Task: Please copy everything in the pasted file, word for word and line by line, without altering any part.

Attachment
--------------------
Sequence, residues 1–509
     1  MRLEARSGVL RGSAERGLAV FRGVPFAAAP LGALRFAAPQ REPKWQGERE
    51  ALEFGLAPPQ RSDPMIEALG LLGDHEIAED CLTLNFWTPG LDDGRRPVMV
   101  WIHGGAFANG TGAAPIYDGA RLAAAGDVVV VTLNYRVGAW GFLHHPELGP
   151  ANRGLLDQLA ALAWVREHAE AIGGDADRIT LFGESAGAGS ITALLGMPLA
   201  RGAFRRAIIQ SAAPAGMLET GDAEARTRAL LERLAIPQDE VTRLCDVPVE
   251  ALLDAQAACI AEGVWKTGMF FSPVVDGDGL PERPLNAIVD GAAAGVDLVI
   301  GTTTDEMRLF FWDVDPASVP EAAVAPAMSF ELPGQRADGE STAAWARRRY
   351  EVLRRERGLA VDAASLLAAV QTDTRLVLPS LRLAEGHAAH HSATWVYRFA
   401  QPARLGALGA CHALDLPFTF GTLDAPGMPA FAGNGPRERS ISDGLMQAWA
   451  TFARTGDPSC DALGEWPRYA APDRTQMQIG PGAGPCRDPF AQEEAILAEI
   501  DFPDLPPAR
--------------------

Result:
Sequence, residues 1–509
     1  MRLEARSGVL RGSAERGLAV FRGVPFAAAP LGALRFAAPQ REPKWQGERE
    51  ALEFGLAPPQ RSDPMIEALG LLGDHEIAED CLTLNFWTPG LDDGRRPVMV
   101  WIHGGAFANG TGAAPIYDGA RLAAAGDVVV VTLNYRVGAW GFLHHPELGP
   151  ANRGLLDQLA ALAWVREHAE AIGGDADRIT LFGESAGAGS ITALLGMPLA
   201  RGAFRRAIIQ SAAPAGMLET GDAEARTRAL LERLAIPQDE VTRLCDVPVE
   251  ALLDAQAACI AEGVWKTGMF FSPVVDGDGL PERPLNAIVD GAAAGVDLVI
   301  GTTTDEMRLF FWDVDPASVP EAAVAPAMSF ELPGQRADGE STAAWARRRY
   351  EVLRRERGLA VDAASLLAAV QTDTRLVLPS LRLAEGHAAH HSATWVYRFA
   401  QPARLGALGA CHALDLPFTF GTLDAPGMPA FAGNGPRERS ISDGLMQAWA
   451  TFARTGDPSC DALGEWPRYA APDRTQMQIG PGAGPCRDPF AQEEAILAEI
   501  DFPDLPPAR